Archive for the 'Corbyn' Category


Today could be the day that Corbyn’s Labour Party finally splits

Monday, February 18th, 2019

Judging by activity on social media overnight there appears to be a reasonable chance that today could be the day that the Labour Party finally splinters. The Tweet above from Corbyn loyalist Rebecca Long-Bailey reflects one of the ways that the mainstream party is responding to the threat.

This was supposed to happen last Thursday with a widely briefed story that at 8 p.m. that evening a big development would take place. Some leading names were associated with those reports. It didn’t happen partly, because this was such a big night in the Commons anyway and my guess is that the prospective rebels wanted to maximise the impact of their actions.

    The big questions, if this does happen, are how many are taking the plunge and who they are. It really needs some big hitters like those who have been seen as leadership prospects in the past to be amongst them.

Corbyn is no stranger to rebellions against his leadership and in 2016 80% of LAB MPs voted that the had no confidence in him. Because of the Labour party structure that was not enough to oust Mr Corbyn who went on to win a second leadership contest by a big majority.

One of the big deterrents to potential rebels is the memory within the movement about what happened during the last splinter within LAB in the early 1980s. This was, of course, the formation of the breakaway SDP. Its creation and the massive challenge of the first past the post voting system enabled the Tories to increase their majority by a huge amount at the ensuing 1983 general election.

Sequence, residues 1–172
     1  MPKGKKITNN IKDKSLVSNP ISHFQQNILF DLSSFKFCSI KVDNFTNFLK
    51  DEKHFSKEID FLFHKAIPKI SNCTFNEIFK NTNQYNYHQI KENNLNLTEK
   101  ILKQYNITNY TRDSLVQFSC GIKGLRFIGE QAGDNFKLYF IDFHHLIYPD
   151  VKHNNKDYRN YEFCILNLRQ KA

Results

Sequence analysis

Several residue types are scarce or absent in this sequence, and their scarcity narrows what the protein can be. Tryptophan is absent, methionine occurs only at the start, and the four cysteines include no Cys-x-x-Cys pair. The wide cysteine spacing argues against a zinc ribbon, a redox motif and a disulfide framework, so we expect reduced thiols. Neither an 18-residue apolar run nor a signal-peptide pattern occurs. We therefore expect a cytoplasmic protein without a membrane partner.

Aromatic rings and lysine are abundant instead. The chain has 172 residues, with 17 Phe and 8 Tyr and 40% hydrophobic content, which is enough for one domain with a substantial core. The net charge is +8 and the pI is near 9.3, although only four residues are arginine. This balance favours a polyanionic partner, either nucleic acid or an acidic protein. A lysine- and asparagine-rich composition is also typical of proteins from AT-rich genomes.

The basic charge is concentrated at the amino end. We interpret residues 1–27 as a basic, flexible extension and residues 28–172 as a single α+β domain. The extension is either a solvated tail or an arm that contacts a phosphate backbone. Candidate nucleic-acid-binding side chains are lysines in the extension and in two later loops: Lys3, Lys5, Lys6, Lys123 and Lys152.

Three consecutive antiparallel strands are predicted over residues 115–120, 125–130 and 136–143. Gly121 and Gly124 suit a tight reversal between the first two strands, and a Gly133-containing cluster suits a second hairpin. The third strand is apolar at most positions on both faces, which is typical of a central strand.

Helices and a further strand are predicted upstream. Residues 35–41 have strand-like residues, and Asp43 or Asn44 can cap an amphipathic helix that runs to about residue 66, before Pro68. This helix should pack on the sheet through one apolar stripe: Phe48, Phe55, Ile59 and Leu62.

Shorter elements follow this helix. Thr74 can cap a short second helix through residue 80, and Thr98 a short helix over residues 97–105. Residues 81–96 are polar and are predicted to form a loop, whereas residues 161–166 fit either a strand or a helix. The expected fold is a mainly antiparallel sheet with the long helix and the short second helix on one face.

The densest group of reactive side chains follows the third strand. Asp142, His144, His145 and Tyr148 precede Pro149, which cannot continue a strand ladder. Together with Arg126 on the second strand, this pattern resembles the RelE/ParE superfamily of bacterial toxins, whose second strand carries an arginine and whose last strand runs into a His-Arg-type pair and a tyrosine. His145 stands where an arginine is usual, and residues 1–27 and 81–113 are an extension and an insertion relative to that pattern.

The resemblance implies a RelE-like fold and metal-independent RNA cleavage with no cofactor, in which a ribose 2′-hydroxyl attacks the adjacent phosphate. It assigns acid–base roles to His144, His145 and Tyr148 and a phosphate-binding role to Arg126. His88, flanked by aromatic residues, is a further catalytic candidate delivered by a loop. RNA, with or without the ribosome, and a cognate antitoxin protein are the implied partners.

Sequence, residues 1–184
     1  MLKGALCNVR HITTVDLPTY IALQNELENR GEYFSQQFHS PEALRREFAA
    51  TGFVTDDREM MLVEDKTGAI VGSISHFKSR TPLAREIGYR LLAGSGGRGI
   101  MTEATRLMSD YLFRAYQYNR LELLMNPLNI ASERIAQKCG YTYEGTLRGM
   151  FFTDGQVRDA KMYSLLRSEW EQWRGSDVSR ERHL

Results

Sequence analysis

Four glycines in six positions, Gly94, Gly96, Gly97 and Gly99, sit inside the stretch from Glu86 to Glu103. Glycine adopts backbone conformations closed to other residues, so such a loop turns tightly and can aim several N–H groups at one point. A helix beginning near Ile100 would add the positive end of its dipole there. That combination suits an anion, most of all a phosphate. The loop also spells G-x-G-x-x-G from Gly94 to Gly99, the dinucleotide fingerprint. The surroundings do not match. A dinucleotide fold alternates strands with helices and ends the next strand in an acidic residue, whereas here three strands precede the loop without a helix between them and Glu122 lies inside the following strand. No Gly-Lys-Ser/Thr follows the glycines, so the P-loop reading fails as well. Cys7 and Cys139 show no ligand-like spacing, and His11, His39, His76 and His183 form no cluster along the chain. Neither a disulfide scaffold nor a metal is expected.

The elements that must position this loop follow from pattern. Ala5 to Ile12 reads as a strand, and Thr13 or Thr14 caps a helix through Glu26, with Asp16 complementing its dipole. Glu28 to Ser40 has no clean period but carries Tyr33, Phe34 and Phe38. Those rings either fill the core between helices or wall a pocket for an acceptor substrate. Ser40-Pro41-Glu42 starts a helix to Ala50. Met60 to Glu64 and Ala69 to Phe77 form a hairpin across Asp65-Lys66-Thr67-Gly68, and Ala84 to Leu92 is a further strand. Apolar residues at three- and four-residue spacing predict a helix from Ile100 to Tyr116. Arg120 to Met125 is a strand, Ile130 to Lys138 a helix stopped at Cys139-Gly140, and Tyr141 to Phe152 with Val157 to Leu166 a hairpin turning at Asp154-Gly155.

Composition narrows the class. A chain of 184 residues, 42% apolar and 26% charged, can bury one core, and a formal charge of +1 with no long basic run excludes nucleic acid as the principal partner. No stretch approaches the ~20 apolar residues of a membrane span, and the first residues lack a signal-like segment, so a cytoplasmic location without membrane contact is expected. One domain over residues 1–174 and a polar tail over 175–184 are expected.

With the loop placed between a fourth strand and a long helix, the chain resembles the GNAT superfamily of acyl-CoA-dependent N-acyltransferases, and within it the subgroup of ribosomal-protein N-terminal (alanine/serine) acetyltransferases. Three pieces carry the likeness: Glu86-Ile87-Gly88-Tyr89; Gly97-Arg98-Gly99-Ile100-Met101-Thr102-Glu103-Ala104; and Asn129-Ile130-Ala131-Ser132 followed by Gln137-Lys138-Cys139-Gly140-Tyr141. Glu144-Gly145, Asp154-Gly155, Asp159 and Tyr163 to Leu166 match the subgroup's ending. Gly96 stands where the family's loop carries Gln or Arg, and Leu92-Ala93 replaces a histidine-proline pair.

But it appears Corbyn’s actions on anti-semitism and, of course, his equivocal approach to the main political issue of the day, Brexit, have just been too much for a number of MPs.

Interestingly there’s a by-election in prospect following the death of Newport MP Paul Flynn who retained his seat at GE2017 with 52.3% of the vote.

Mike Smithson


Long standing Brexiteer, Corbyn, needs more than just threats if he’s to budge on a referendum

Thursday, February 14th, 2019

I find this extremely hard to call but there’s a little doubt that Corbyn’s approach to Brexit, which has been very much out of line with his party voters and his MPs is stretching loyalty to the limits. Something could give in this critical period when the United Kingdom could be changed forever.

The problem, of course, is the memory of the last split within LAB when the SDP was formed in 1981. For me that’s a fairy key political memory but for most people it is just history.

It really did in those heady days in the 1979 to 1983 Parliament look as though that British politics was a changing forever. It did for a while and Labour remained out of power until Tony Blair became leader and went on to win the 1997, 2001 and 2005 general elections.

    I have had direct information on possible breakaways but I will only believe it when I see it. The party machines in the UK are so strong and powerful that getting a new grouping together and make it into an effective political force is very challenging indeed.